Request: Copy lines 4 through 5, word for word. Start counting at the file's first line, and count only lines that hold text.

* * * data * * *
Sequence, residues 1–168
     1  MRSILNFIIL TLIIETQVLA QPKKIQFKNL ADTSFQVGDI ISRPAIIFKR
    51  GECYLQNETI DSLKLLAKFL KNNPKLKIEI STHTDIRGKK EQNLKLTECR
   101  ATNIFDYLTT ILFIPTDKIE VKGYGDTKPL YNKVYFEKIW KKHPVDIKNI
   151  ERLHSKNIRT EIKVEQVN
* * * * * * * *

   101  ATNIFDYLTT ILFIPTDKIE VKGYGDTKPL YNKVYFEKIW KKHPVDIKNI
   151  ERLHSKNIRT EIKVEQVN